Upcycled Thanksgiving Wreaths

Created:
Tue, 2013-11-19 12:41

It’s the time of year when the heat starts to dissipate and the crisp morning air takes your breath away; the seasons change, and in come the warm colors of fall, defined by the orange and brown hues in nature. There is nothing more comforting to me than the vision of pumpkins and wreaths in all of the wonderful autumn colors adorning houses. Moving into a new apartment just before the seasons started to change, I began thinking about how I could create my own fall decorations to save money, reuse materials, and personalize my new living area. Adding a wreath to your door is a great, easy way to make any space feel more like home.

Here are five reuse ideas for creating an autumn-inspired wreath for your home:

  • Aluminum-Can-WreathUpcycled Aluminum Can Leaf Wreath – This craft is easiest if you own a die cutter, but you could still do it by hand using a leaf template or leaf-shaped paper punches. Make sure you wash out the cans first and then cut them intosheets. Add ink to the flattened piece of aluminum and dab with a felt applicator randomly. Once dry, die cut the leaves or use a paper punch. Use cardboard to cut out a base to house your leaves and wrap in colored duct tape for added color and durability. Apply the leaves to the base randomly and layer for added depth.
     
  • coffee-filter-fall-wreathDyed Coffee Filter Fall Wreath – Another creative item to use for wreath making is dyed coffee filters. Mix food coloring with a small amount of water in a bowl, dip a few coffee filters into the dye, and lay them flat out to dry for about a day. Once the coffee filters are completely dry, fold and glue them to your wreath. Repeat with as many coffee filters as you like. There’s no precise method to this, just shape and place as you see fit. The more mismatched, the more natural it will look!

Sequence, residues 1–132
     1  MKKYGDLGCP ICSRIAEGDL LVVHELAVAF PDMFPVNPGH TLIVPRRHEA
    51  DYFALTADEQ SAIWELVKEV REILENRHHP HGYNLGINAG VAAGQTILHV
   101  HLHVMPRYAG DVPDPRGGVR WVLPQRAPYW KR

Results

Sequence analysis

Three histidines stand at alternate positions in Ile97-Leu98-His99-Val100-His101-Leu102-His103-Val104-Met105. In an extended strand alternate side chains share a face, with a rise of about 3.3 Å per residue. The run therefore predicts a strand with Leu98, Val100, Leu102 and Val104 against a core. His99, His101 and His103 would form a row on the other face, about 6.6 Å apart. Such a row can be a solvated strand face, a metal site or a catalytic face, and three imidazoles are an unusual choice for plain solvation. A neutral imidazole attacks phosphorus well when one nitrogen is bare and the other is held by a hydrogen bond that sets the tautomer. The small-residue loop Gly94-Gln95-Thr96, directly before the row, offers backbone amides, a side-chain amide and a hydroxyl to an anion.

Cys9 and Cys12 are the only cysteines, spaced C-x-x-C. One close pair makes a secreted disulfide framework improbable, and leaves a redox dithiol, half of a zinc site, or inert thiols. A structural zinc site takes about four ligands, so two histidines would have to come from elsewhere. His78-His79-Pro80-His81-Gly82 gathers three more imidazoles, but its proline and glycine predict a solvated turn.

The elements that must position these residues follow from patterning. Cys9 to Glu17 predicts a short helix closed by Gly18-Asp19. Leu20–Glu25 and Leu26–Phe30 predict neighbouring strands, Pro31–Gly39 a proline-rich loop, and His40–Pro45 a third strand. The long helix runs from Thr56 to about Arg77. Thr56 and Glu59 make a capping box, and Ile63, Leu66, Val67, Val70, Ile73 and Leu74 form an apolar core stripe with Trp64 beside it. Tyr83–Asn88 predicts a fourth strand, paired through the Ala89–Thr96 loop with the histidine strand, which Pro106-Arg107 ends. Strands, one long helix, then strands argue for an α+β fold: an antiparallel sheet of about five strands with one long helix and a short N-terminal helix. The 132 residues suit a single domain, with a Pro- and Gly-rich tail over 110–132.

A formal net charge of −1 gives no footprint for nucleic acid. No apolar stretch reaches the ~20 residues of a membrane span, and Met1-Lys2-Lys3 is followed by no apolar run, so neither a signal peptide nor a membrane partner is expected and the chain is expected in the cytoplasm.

• paper-thanksgiving-wreathPaper Thanksgiving Wreath – Use an old book, scrapbook paper, or other colored paper to punch out circular pieces. Use a glue gun to apply glue to your wreath and stick scrunched up paper circles onto the wreath, pushing in with a pencil eraser. Repeat with more circles, mixing printed text with patterned colored circles. Once this is finished, you can give your wreath an added touch by using extra paper to create a “give thanks” banner for the bottom.
     
  • pine-cone-wreathPinecone Wreath – For this wreath, you will utilize the natural elements of your outdoor environment. Begin by collecting pine cones of various sizes from very small to large. Separate into groups for the colors you want to use. Use spray paint to coat the pines cones several times until you get the level of color you desire. You may want to keep several of the cones natural to mix in. Once they are dry, begin assembling your pine cone wreath.
     
  • fall-leaf-wreathLeaf Wreath - Is your favorite part of fall the brilliant colors of the leaves? Then you might want to create a wreath with the traditional look of fall leaves. If you are designing a wreath for a one-time decoration, you can gather leaves in all colors from outside (otherwise you will want to use silk leaves). Try using a grapevine wreath for your surface. Hot glue leaves around the wreath. You can also use other decorative elements like pine cones and dried ornamental grass.

Homemade fall and winter wreaths are so much more unique and beautiful than what you will find in the stores. Let these ideas inspire you to get out and spend a little time in nature, pick some pinecones and other found items, and make some great pieces for yourself. I hope you enjoy making a wreath that brightens your home and welcomes your Thanksgiving Day visitors with warmth.

For additional instructions and pictures of these and other Thanksgiving-inspired decorations check out the “Thanksgiving Eco-Crafts” board on the Everblue Pinterest page.

This was part two of our three part Do-It-Yourself (DIY) holiday crafts and decorations series. Be sure to check back in December for part three, when we will be sharing tips for winter holiday decorations.

By Danielle Whitman

 

 

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